That’s why over the last few years the focus has shifted to getting companies to embed climate change risk in their business practices and reporting, often with guidelines designed for specific industries.

At the vanguard of these efforts have been various taskforces and industry bodies set up by the financial industry to formulate best practice guidelines and encourage companies to publicly pledge to adhere to these recommendations. The best known of these is the Task Force on Climate-related Financial Disclosures which since 2015 has been working to improve and increase the reporting of climate-related financial information (see picture below).

Core elements of recommended Climate-related Financial Disclosures

Meanwhile, last year saw the establishment of the Taskforce on Nature-related Financial Disclosures whose premise is that as more than half of the world’s economic output is moderately or highly dependent on nature, nature-loss poses a material risk to financial services companies. It is working to standardise nature-related disclosures for financial service companies.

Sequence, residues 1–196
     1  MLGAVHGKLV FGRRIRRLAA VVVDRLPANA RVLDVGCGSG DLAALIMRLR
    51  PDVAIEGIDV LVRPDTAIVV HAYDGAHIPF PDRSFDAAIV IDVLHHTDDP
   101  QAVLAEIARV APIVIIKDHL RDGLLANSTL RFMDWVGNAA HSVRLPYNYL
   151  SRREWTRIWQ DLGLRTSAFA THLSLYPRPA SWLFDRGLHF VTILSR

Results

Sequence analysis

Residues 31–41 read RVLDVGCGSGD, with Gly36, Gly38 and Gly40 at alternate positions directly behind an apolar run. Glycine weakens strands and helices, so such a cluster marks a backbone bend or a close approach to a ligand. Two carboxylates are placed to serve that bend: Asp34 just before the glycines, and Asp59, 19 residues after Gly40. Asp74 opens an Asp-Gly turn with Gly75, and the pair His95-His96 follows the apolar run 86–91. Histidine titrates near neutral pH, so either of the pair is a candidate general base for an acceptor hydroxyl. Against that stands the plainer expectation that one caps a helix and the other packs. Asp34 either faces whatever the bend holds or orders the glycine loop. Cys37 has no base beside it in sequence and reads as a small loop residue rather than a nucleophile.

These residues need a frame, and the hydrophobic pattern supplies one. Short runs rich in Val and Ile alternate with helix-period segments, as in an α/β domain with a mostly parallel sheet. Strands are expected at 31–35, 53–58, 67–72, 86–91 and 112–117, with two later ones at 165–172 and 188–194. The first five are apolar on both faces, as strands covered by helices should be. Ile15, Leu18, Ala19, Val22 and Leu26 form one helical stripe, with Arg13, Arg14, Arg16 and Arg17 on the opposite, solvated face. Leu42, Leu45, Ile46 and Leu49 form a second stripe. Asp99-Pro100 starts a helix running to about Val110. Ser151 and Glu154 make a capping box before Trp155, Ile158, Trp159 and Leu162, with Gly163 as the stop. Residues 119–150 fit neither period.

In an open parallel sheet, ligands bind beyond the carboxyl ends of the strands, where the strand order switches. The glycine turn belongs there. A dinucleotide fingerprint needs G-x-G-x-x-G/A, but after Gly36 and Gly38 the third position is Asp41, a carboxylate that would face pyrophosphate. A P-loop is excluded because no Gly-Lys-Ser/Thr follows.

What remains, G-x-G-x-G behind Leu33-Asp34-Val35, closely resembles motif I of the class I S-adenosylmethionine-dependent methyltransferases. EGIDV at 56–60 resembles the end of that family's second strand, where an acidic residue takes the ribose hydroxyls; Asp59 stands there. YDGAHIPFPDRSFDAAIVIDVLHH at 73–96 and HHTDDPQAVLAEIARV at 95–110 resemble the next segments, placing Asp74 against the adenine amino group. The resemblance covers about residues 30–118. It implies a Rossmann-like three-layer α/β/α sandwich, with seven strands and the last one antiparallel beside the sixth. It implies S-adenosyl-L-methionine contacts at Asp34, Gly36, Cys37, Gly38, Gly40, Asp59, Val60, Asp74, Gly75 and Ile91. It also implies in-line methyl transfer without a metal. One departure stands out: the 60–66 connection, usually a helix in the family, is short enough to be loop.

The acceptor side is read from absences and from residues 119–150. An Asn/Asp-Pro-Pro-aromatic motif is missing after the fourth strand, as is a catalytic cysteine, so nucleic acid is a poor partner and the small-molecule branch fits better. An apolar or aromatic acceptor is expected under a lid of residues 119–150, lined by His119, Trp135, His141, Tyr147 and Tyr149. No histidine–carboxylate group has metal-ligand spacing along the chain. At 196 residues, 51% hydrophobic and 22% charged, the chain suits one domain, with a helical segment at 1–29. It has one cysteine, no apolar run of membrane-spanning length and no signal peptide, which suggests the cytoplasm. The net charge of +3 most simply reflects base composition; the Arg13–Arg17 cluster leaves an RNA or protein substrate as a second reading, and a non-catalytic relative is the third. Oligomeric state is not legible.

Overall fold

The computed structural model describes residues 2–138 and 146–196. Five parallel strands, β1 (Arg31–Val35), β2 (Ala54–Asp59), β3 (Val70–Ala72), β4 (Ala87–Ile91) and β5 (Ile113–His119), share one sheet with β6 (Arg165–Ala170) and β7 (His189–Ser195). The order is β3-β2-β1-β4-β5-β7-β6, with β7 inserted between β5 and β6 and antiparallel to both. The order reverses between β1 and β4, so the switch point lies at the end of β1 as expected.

And this year has already seen the launch of the Financial Services Taskforce (FSTF) - to develop meaningful plans to help accelerate the transition to a sustainable future – and the Glasgow Financial Alliance for Net Zero (GFANZ) – which seeks to bring together net-zero initiatives from across the financial system to fast-track the journey to a carbon-neutral future.

Regulations roll out

These initiatives have been instrumental in creating the frameworks on which financial watchdogs are basing a new generation of climate-related regulations, with new rules coming thick and fast. The European Union (EU) and the UK are leading the way.

This year has already seen the launch of the EU’s Sustainable Finance Disclosure Regulation (SFDR), which requires companies to be transparent about risks posed to sustainable development by their financial products and investment decisions. From October, the UK’s largest workplace pension schemes will be required to report on the financial risks of climate change in their portfolios.